“My audition process was pretty crazy—it was the longest audition process I had ever had. It was probably five to seven auditions over the course of two days. The last hoop I had to go through [before getting cast] was playing one-on-one basketball against [producer] Brian Robbins in his producing partner, Mike Tollin’s backyard. He wanted to make sure that we could actually play basketball because, you know, actors can say they can do things they can't actually do for the jobs. So we played one-on-one, and I let Brian score the first couple points—I was nervous because I was 17-years-old. He said, 'You know you're playing for your job right now?’ I was like, “Okay, alright, Brian Robbins.” And then I beat him. And I got the job. So it was a pretty unorthodox, weird experience. But it was a great memory.”—James Lafferty (“Nathan”)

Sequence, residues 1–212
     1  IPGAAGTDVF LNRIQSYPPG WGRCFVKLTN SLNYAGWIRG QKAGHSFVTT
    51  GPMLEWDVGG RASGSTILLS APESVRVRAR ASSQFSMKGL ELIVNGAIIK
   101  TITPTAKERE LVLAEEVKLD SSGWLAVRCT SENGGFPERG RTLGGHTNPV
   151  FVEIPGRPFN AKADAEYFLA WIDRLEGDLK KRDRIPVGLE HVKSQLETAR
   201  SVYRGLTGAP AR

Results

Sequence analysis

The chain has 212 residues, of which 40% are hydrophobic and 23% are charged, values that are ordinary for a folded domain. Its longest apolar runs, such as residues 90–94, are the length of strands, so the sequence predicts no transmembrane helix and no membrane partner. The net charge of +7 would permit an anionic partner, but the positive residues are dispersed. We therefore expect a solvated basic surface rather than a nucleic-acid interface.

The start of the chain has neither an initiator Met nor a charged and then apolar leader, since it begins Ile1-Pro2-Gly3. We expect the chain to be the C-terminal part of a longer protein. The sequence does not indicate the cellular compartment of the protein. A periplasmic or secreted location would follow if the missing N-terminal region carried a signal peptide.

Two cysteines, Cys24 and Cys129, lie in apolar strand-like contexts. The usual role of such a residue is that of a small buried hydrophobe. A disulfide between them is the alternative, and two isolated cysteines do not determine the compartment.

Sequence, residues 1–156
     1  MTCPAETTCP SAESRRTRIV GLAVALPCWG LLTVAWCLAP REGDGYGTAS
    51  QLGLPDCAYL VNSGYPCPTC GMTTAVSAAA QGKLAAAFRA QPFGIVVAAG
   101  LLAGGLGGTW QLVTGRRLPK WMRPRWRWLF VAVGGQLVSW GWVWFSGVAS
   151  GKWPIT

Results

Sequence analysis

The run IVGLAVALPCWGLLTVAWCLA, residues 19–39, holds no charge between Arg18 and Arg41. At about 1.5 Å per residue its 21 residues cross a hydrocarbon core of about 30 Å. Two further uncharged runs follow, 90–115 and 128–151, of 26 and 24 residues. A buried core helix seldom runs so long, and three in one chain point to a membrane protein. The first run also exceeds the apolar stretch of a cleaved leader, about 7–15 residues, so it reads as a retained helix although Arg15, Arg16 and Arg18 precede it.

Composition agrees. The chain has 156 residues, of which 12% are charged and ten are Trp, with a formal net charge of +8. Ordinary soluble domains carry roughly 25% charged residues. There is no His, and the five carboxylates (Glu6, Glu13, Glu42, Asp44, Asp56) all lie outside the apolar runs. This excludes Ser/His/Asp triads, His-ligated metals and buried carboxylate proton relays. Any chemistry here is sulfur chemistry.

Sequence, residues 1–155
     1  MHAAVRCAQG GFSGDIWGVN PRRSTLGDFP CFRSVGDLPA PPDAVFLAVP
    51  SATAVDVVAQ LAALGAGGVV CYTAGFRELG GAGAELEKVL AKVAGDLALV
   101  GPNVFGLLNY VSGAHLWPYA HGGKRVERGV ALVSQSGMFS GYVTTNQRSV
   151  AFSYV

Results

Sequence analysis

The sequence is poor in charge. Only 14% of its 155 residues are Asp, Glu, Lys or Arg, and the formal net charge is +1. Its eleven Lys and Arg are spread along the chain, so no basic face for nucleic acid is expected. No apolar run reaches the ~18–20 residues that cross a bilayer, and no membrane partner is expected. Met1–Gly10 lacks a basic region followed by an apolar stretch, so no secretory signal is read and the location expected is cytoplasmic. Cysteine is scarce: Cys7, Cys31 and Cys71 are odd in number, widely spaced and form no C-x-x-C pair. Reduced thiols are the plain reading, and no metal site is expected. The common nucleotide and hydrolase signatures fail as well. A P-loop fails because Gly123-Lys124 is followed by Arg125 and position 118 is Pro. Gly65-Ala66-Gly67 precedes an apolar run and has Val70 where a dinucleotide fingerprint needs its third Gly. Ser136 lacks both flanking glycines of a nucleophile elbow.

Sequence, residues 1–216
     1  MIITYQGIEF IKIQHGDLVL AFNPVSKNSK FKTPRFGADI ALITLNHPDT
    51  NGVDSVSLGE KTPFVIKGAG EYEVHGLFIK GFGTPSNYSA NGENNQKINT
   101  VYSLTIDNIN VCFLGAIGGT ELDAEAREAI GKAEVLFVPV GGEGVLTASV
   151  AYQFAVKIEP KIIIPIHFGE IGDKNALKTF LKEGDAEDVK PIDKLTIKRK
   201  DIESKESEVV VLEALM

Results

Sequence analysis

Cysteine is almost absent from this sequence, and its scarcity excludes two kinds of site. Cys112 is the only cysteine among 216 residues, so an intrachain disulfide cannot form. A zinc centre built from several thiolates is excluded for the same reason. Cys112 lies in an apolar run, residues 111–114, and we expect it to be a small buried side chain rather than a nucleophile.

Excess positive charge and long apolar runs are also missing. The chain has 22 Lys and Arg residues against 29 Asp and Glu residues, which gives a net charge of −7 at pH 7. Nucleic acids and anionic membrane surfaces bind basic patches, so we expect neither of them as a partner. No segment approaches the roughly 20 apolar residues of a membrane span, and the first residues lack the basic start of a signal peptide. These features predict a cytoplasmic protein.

“I remember the first time I auditioned for the show was for a different role early in Season 4. I don't even know if the role wound up making it on the show. I remember I got close, and I thought I was getting it, and then it just kinda went away. It was interesting because I remember in my audition, there was a line about the show Laguna Beach [that I was on]. I was like, ‘This is weird, they're not gonna hire me. They're making fun of Laguna Beach. I'm screwed.’ Anyways, I went away and then a few weeks later, another role came up—it was Chase. I went in and auditioned and it went well. I thought I got the job but I didn't hear anything for a few days, and then I heard, ‘Hey, they want you to come back in because the network wants to see you standing up. You were sitting in a chair the whole time so they need you standing up and moving around.’ I was so nervous because I felt like I was really close to the job that I wanted so badly. I just nervously paced around, but there was good energy in the [audition] room and I got the job. I felt like the role was built for me. Chase sounded like a name I wanted to play!”—Stephen Colletti (“Chase”)